Sep 19, 2018

Exclusive poll: Majority believe Woodward book, NYT op-ed

Data: Survey Monkey online poll conducted Sept. 12-13, 2018 among 2,173 U.S. adults. Total margin of error is ±3.0 percentage points. Modeled error estimates: African-American women ±8.5, age 18 to 34 ±6.0, White suburban women ±7.0, Never Hillary Independent voters ±12.0, Rural voters ±6.0; Poll methodology; Chart: Andrew Witherspoon/Axios

A majority of Americans believe Bob Woodward's book and the anonymous NYT op-ed — both of which warned of internal resistance to President Trump — but there's no evidence that they've changed Americans' opinions of him, according to a new Axios/SurveyMonkey poll.

Why it matters: Everything is partisan. If two major news bombshells warning of White House chaos don't change things, it's further evidence that Americans' opinions of Trump are set in stone, whether they like him or not.

Between the lines: Although 51% think the Trump administration is not competent at managing the federal government, and only 46% believe it is competent, that's actually slightly better than similar SurveyMonkey polling in October and November 2017 — when 41% said the administration said the Trump administration is competent and 57% said it's not.

  • The voter subgroups Axios is tracking are split on this. White suburban women and #NeverHillary independents are narrowly divided on the administration's competence, rural voters are solidly behind the administration, and millennials and African American women are convinced it's incompetent.

Americans' views are significantly swayed by their opinions of Trump: 81% of those who already disapprove of Trump believe the reports of "significant resistance" within the White House, but 73% of those who approve of him disbelieve those claims.

  • Their views on impeachment are virtually identical to those in an Axios/SurveyMonkey poll last month: 45% say Congress should begin the impeachment process, 52% say it shouldn't.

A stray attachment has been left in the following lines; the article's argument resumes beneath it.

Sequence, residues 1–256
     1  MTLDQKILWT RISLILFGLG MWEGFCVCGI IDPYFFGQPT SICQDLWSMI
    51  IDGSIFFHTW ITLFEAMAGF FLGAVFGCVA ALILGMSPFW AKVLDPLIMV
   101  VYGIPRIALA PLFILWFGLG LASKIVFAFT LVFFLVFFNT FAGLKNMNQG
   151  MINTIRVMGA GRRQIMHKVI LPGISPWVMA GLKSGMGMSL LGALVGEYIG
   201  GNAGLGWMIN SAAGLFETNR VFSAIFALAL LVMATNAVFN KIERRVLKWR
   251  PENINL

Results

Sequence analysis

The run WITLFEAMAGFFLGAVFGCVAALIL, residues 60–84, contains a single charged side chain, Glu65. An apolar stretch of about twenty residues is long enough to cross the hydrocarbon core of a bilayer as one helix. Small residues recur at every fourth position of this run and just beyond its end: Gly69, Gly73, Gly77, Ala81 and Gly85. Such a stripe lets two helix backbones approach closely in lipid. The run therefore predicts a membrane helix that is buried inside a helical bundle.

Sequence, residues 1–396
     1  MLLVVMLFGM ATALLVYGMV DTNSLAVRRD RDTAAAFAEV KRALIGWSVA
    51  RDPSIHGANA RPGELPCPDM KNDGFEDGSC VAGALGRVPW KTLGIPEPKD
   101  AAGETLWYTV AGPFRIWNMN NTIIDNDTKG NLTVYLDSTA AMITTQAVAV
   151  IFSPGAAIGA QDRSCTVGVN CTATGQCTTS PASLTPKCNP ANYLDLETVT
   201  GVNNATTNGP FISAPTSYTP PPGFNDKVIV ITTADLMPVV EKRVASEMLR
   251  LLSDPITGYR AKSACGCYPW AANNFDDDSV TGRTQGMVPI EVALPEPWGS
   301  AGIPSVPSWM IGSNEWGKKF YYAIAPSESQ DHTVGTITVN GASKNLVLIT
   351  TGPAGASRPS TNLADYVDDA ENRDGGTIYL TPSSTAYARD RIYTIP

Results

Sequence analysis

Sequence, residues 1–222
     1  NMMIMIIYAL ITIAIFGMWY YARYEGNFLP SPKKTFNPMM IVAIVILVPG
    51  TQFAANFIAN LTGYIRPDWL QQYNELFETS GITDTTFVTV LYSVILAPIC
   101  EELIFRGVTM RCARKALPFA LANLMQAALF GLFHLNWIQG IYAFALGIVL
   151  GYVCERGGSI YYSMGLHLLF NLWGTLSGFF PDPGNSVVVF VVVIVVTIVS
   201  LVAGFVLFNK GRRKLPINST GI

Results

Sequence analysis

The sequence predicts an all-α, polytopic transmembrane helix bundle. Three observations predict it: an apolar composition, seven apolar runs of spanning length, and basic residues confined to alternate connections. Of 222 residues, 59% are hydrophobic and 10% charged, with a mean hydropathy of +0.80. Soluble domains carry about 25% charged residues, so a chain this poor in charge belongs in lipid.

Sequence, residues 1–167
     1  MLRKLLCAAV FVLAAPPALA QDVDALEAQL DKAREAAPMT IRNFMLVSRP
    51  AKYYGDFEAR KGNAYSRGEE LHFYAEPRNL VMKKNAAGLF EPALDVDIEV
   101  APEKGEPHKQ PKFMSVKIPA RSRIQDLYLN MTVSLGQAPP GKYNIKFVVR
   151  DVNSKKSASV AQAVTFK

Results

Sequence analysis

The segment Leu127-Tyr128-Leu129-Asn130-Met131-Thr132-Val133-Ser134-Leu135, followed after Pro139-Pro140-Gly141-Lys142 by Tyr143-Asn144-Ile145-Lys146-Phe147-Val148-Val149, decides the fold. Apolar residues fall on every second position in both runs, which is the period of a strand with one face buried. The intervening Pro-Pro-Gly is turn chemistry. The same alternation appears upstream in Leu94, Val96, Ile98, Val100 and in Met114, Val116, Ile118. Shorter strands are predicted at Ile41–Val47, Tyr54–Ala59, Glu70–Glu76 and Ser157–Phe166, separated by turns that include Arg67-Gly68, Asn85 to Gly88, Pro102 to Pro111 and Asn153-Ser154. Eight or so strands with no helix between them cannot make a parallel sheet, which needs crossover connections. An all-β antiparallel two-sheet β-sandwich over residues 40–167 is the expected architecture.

• There was a marginal decline in Trump's overall approval compared to SurveyMonkey's weekly tracking poll. (It's down to 42%, compared to the 44-46% range between April and August.)

The bottom line: There's very little that can change people's opinions of Trump at this point, and it's going to take more than a book and an op-ed to change that.

Methodology: This analysis is based on SurveyMonkey online surveys conducted Sept. 12-13, 2018 among 2,173 adults in the United States. The modeled error estimate  for the full sample is plus or minus 3 percentage points. Sample sizes and modeled error estimates for the subgroups are as follows:

African-American Women (n=172 +/- 8.5), Millennials Age 18 - 34  (n=409, +/- 6), White Suburban Women  (n=366 , +/- 7), NeverHillary/Independent voters  (n= 121, +/- 12), Rural  (n= 525, +/- 6). Respondents for this survey were selected from the more than 2 million people who take surveys on the SurveyMonkey platform each day. More information about our methodology here. Crosstabs available here.

Go deeper

2024 lookahead poll: Democrats see diverse future

Data: Online SurveyMonkey poll (margin of error: ±2.5 percentage points). Chart: Axios Visuals

In a SurveyMonkey poll for Axios taking a very early look at a theoretical 2024 field, Pete Buttigieg tops a list of Democrats, with a slight advantage over Kamala Harris.

Why it matters: A poll this early can only tell you so much. But what's striking is that none of the top seven Democratic candidates are heterosexual white men — an indicator of growing diversity in the party.

Go deeperArrowUpdated Jan 5, 2020

Why 50+ women care about 2020

Data: AARP/Harris Poll; Chart: Axios Visuals

A new AARP survey by the Harris Poll examined what's driving women 50 and older ahead of next year's elections and found health care on top. The survey also found that older women’s concerns about Trump are eroding, but not upending, his support with Republicans and independents.

Why it matters: As the House of Representatives prepares to impeach the president, the priorities for this group of high-propensity voters are closer to home and different from what their male counterparts care most about.

Go deeperArrowDec 18, 2019

Poll: Fewer than half of Americans think Trump should be removed

Photo: Jess Kowalsky/AFP via Getty Images

A new Reuters/Ipsos poll released Thursday found that less than half of Americans polled believe Donald Trump, now the third president in U.S. history to be impeached, should be convicted in a Senate trial and removed from office.

Why it matters: The poll, conducted hours after the House charged Trump with abuse of power and obstruction of Congress, signifies that voters remain divided on impeachment and found that Wednesday's vote did little to change public opinion.

Go deeperArrowDec 19, 2019